The Mazda CX-5 has been a favorite of auto writers since it was first introduced in 2011. The compact crossover combined sharp styling, crisp handling, high quality interior materials and decent mileage in an affordable small SUV that was sportier and more refined than its rivals.
But time doesn't stand still and, six years later, the completely-redesigned 2107 CX-5 is facing stiffer competition. The bread-and-butter Honda CV-R is now aggressively styled. A new hybrid version of the Nissan Rogue boosts its mileage. The formerly basic Kia Sportage offers a hot turbo engine. And the all-new Jeep Compass can be outfitted for serious off-road driving.
Mazda has responded by improving all of the features that made the CX-5 stand out in the first place. The exterior has been punched up with a larger grill and narrower headlights and tail lights. The interior looks more upscale with chrome-accented air ducts and a better-integrated 7-inch touch screen. And additional sound insulation reduces noise and makes it seem even more refined.
Company engineers also addressed the few small complaints. The rear seats now fold completely flat and the rear hatch can be opened automatically on the top trim levels.
As a result, the 2017 Mazda CX-5 is still fun but feels more grown up. Perhaps that explains why the company changed the slogan on the license plate frame from Zoom-Zoom to Driving Matters. The emphasis is still on driving, but now it's about more than being a boy racer.
Despite the other changes, Mazda offers only one engine in the CX-5 — a normally aspirated 2.5-liter inline four cylinder. It employs Mazda's SKYACTIV technology to reduce weight and get all the components to work together as best as possible. But, although well balanced between economy and performance, the engine is not as thrifty or powerful as the turbocharged 1.5-liter inline four in the CR-V. Mazda is planning to counter with a turbodiesel engine, if it can get certified.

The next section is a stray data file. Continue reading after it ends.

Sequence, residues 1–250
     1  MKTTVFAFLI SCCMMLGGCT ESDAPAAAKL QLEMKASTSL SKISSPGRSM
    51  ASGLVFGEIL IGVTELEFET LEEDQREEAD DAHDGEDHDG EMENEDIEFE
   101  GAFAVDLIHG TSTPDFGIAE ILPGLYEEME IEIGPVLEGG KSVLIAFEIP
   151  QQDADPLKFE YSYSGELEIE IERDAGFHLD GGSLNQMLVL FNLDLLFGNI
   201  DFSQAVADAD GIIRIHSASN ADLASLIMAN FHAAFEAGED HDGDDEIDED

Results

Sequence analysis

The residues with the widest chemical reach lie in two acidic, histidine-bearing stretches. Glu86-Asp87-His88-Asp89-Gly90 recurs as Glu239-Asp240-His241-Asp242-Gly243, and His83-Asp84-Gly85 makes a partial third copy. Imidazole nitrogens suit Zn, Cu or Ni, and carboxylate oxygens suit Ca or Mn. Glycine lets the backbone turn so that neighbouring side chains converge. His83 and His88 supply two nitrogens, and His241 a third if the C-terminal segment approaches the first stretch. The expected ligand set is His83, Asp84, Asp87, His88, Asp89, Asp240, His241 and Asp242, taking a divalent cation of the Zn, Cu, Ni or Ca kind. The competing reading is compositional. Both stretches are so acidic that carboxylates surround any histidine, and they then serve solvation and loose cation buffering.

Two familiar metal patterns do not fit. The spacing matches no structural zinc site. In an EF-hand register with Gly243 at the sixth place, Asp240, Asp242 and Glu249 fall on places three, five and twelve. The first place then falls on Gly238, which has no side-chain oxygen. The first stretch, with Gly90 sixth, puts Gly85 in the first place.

In the meantime, the six-speed automatic transmission in the CX-5 is among the best available in any compact crossover. It is a true automatic — not a Continuously Variable Transmission — and has a Sport mode that holds it in gear longer for increased acceleration.
The new CX-5 also offers G-Vectoring, an advanced form of weight transfer on the road that improves handling and ride quality.
The 2017 CX-5 is available in three trim levels. Sport comes with such features as 17-inch wheels, LED headlights, cloth upholstery, a four-speaker sound system, Bluetooth and two USB ports. Touring adds popular comfort and safety items, such as keyless entry and ignition, simulated leather upholstery, dual-zone automatic climate control, and blind-spot monitoring with rear cross-traffic alert. Two option packages are also available. Grand Touring is the most luxurious, with 19-inch wheels, leather upholstery, a power liftgate, a Bose audio system and even more safety features.
Competition in the affordable compact crossover SUV market will undoubtedly heat up in years to come. The combination of increased ride height, generous interior and cargo space, decent mileage and available all-wheel-drive has hit the sweet spot for many consumers. Mazda has redesigned the CX-5 enough to keep it in the top ranks for now, the next one may need to be more radical.
2017 Mazda CX-5
Base price: $24,052
Price as tested: $33,785
Type: Compact crossover SUV
Engine: 2.5-liter inline 4 (187 hp, 185 lbs-ft)
Transmission: 6-speed automatic with Sport mode
EPA estimated mileage: 23/29
Overall length: 179.1 inches
Curb weight: 3,655 pounds
Final assembly: Hiroshima, Japan